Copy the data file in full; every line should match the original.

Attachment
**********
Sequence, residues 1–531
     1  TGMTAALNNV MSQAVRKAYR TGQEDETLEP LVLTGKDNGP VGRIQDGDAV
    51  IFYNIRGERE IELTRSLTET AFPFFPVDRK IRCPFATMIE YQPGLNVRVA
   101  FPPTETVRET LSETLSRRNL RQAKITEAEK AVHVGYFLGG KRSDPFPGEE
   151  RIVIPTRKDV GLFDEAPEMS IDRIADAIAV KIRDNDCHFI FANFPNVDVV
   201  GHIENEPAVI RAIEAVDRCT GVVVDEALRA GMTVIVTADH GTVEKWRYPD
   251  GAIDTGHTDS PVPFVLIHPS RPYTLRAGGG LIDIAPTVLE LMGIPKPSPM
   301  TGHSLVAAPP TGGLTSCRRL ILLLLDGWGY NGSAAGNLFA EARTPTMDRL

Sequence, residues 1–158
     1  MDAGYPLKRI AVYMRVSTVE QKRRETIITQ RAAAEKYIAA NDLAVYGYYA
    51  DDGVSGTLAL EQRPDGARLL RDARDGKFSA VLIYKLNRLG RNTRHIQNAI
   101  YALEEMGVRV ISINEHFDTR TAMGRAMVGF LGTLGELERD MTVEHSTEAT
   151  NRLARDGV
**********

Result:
Sequence, residues 1–531
     1  TGMTAALNNV MSQAVRKAYR TGQEDETLEP LVLTGKDNGP VGRIQDGDAV
    51  IFYNIRGERE IELTRSLTET AFPFFPVDRK IRCPFATMIE YQPGLNVRVA
   101  FPPTETVRET LSETLSRRNL RQAKITEAEK AVHVGYFLGG KRSDPFPGEE
   151  RIVIPTRKDV GLFDEAPEMS IDRIADAIAV KIRDNDCHFI FANFPNVDVV
   201  GHIENEPAVI RAIEAVDRCT GVVVDEALRA GMTVIVTADH GTVEKWRYPD
   251  GAIDTGHTDS PVPFVLIHPS RPYTLRAGGG LIDIAPTVLE LMGIPKPSPM
   301  TGHSLVAAPP TGGLTSCRRL ILLLLDGWGY NGSAAGNLFA EARTPTMDRL

Sequence, residues 1–158
     1  MDAGYPLKRI AVYMRVSTVE QKRRETIITQ RAAAEKYIAA NDLAVYGYYA
    51  DDGVSGTLAL EQRPDGARLL RDARDGKFSA VLIYKLNRLG RNTRHIQNAI
   101  YALEEMGVRV ISINEHFDTR TAMGRAMVGF LGTLGELERD MTVEHSTEAT
   151  NRLARDGV